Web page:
The British Hospitality Association's new employment policy advisor, John Guthrie, explores the two pressing issues at the top of his to-do list: the National Living Wage and the Apprenticeship Levy
As a policy, the National Living Wage (NLW) is a leap in the dark. That's because the Low Pay Commission, when setting rates for the NLW, took the impact on jobs as its main concern. But no-one can be absolutely sure of the impact it will have on job creation.
But the NLW is being set to be 60% of median earnings by 2020 - a little over £9 per hour on current data.
Recent studies by the Resolution Foundation and the Social Market Foundation have shown the greatest impact of the NLW to be on the hospitality sector, and the BHA is concerned that the 'job creation power' of the industry will be hit.
My background is in HR, mainly in licensed retailing and international hotel groups. I've also worked a lot with Ufi Ibrahim, the BHA's chief executive, over the last six years, and the work that her organisation is doing on economic research with Oxford Economics has been of critical importance to the sector.
The BHA's latest research, which was published in September 2015, shows that not only is hospitality one of the biggest by number of employees in the UK at 14% of total employment, it also represents one tenth of gross value added to the country's GDP. It supports 4.6 million jobs, of which 2.9 million are directly employed by the hospitality sector.
Hospitality and tourism is of central importance for job creation in Britain and businesses' profitability, and the success of the industry is dependent on its employees.
The BHA is concerned about anything that might threaten the delicate balance between paying employees a decent wage and the effect this might have on recruitment.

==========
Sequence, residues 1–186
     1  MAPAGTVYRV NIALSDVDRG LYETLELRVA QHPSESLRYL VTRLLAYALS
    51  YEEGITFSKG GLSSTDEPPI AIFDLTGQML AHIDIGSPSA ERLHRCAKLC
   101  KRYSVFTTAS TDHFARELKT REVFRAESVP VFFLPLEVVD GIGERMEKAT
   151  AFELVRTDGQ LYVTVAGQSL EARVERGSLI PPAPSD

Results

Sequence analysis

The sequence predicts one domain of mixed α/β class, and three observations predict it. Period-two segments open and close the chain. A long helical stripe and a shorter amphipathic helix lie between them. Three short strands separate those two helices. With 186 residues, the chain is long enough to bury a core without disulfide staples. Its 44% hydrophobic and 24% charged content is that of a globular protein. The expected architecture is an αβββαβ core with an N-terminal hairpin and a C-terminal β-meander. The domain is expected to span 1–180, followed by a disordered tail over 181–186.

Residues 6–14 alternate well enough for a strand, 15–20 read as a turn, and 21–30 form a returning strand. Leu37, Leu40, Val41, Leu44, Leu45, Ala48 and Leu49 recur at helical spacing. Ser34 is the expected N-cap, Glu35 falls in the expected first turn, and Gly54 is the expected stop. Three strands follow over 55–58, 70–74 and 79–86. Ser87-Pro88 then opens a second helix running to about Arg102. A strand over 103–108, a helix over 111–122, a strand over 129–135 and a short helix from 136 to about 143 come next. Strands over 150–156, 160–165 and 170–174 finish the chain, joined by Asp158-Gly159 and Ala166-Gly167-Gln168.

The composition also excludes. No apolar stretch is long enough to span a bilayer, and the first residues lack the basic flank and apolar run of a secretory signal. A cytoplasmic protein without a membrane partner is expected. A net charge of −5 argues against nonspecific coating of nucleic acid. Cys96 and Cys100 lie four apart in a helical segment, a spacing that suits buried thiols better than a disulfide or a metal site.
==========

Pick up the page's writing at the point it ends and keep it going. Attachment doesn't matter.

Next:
Another area that will be the focus of my attention, and that of many BHA members, is the new Apprenticeship Levy, which is due to come into force next April for companies with wage bills above £3m a year.
The BHA - along with other leading employers' groups, including the CBI and the EEF - is concerned about how the levy will work. Details are being drip-fed, month by month, as government officials try to put some flesh on the bones of a policy that was, in our opinion, announced very hastily with too little thought.
The Big Hospitality Conversation, which the BHA launched in 2014, has successfully brought young jobseekers into contact with employers, and pledges of over 60,000 apprenticeships, work experience placements and jobs for young people have been made. This programme achieved its targets and shows the government the power of our industry as an employment and economic driver that stretches into every part of the country.
We are pleased to see that a new employer-led body will set apprenticeship standards and ensure quality, but it's important to remember the hospitality industry has already made a lot of progress in developing apprenticeship standards.
We look forward to seeing more details to help us understand better exactly how it will work and in the meantime, we'll plan how our industry can work together with government to protect and promote growth and jobs.
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